Unrelenting airstrikes from Israeli fighter jets on Gaza and barrages of Hamas rockets onto Israeli cities have moved into a second week.
As has been the case with previous wars between Hamas and Israel, civilians endure the brunt of the conflict.
“We are tired,” Haya Abdelal, a 21-year-old Gaza woman, told the Associated Press. She lives next to a building destroyed by an Israeli airstrike Sunday. She fled into the street after the blast woke her up. “We need a truce. We can’t bear it anymore.”
Israel and Hamas appear far away from the prospect of a cease-fire. Israeli Prime Minister Benjamin Netanyahu said Sunday that his country’s bombing campaign on Gaza would continue at “full-force,” and that Israel “wants to levy a heavy price” on Hamas. The Washington Post quoted a senior Israeli military officer as saying there’s no evidence of Hamas standing down, and that Israel is bracing for a prolonged conflict.
That points to a tragic inevitability in coming days and perhaps weeks — more civilians will die, and more ruination and misery as a result.
Has President Joe Biden done enough to push both sides toward a cease-fire? Sadly, he has not.
On Monday evening, the White House said Biden spoke with Netanyahu and expressed support for a cease-fire, though it wasn’t clear how forceful his tone was.
This is Biden’s first major foreign policy crisis. He’s treading carefully, and he’s correct in backing Israel’s right to defend itself against indiscriminate Hamas rocket fire on Israeli civilians. Israel’s strategy to go after Hamas’ “Metro,” the vast web of tunnels underneath Gaza territory that serves as a vascular system for the movement of rockets, supplies and soldiers, is justifiable.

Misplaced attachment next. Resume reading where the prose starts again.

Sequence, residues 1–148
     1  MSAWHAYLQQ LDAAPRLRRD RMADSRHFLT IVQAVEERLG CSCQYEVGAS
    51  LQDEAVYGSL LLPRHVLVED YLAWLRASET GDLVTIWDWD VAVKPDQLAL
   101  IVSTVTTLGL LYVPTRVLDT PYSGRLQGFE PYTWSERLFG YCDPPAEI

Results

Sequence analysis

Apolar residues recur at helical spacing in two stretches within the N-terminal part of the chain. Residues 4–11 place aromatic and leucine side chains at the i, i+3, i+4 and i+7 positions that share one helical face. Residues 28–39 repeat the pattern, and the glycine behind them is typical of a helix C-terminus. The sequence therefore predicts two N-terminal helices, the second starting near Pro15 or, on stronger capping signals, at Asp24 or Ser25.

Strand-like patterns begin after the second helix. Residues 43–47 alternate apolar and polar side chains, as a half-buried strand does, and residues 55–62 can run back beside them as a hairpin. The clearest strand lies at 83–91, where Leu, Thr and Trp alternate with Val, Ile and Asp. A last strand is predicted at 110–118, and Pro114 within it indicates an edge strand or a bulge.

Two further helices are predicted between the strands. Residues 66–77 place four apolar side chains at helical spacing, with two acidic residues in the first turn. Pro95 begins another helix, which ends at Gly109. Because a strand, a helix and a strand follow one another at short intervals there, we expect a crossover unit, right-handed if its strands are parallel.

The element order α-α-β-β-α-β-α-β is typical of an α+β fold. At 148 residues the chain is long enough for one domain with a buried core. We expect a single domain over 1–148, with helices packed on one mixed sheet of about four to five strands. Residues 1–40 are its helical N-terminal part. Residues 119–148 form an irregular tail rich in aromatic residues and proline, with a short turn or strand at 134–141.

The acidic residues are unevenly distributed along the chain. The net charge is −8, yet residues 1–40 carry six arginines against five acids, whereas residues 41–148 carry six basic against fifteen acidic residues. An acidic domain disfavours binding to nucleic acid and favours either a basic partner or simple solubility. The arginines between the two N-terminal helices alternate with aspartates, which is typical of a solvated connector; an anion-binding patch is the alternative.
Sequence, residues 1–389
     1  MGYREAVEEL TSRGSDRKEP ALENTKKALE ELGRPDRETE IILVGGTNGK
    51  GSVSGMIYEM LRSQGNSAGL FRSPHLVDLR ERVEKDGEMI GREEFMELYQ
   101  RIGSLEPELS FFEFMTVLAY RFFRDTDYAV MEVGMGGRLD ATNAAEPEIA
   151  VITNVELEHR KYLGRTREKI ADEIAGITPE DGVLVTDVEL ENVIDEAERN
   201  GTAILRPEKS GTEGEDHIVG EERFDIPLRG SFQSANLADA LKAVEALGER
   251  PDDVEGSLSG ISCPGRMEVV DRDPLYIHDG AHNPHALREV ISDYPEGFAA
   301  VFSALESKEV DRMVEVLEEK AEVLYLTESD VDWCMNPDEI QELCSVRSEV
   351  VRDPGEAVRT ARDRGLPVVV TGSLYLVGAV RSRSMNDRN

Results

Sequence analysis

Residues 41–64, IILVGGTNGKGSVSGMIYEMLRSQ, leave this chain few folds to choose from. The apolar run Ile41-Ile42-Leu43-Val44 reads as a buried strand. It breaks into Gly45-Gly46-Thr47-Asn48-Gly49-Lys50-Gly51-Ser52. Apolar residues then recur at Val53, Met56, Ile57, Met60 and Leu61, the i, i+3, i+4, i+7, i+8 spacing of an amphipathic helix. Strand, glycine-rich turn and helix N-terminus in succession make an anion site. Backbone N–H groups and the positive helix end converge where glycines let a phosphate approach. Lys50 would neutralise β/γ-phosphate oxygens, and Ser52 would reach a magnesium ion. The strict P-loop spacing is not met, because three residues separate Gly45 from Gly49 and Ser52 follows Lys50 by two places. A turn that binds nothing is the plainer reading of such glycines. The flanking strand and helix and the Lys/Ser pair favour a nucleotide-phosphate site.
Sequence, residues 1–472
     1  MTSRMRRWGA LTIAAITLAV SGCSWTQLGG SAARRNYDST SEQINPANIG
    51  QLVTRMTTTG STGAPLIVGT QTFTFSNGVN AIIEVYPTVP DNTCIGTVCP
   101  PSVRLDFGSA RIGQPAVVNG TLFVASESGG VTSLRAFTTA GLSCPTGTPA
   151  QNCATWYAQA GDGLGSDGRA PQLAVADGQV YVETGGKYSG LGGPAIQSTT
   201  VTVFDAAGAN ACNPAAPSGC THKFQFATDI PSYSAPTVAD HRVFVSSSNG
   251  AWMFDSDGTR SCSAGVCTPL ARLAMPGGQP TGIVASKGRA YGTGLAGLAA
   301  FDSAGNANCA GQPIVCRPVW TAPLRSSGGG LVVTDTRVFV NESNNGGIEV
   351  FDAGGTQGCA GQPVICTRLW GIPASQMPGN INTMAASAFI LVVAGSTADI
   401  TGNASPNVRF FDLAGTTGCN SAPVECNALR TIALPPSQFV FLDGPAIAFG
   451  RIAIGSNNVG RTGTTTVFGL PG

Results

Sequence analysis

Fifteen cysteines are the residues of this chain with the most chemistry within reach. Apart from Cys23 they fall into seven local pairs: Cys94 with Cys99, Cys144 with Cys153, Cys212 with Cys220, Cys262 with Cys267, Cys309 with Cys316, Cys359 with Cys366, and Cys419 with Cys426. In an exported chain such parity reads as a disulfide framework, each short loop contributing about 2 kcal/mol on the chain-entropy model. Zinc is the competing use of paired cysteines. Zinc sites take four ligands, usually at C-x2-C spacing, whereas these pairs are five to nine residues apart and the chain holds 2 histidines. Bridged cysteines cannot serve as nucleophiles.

But Israeli airstrikes on Hamas targets have disproportionately exacted a higher toll on Palestinian civilians. U.S. Secretary of State Antony Blinken said while Hamas must stop rocket attacks on Israeli civilian targets, Israel “as a democracy has an extra burden to do everything possible to avoid civilian casualties.”
Netanyahu’s government also still must fully explain Saturday’s attack on a building in Gaza City that housed offices for the AP, Al-Jazeera and other media outlets. Netanyahu told CBS’ “Face the Nation” on Sunday that the presence of Hamas military intelligence inside the building made it “a perfectly legitimate target.” Media organizations and other tenants were given an hour to evacuate.
Meanwhile, Hamas continues to pose an existential threat not just to Israel, but to its own people.
Hamas builds its tunnels underneath buildings that house businesses and civilian families. It uses its own citizens as human shields.
And if it weren’t for Israel’s Iron Dome missile defense system, the civilian toll on the Israeli side of the border would be devastatingly higher. The defense system has fended off roughly 90% of the rockets Hamas launches over the border, the Israeli military says.
Lasting peace between Israel and Palestinians is a faraway prospect right now. It’s also virtually unimaginable without any movement toward a cease-fire.
The international community can do much more to push both sides toward a truce to stop the violence now. Leading that effort should be the voice of the U.S. and President Biden.
So far, that voice has been all too ineffective — and quiet.
— Chicago Tribune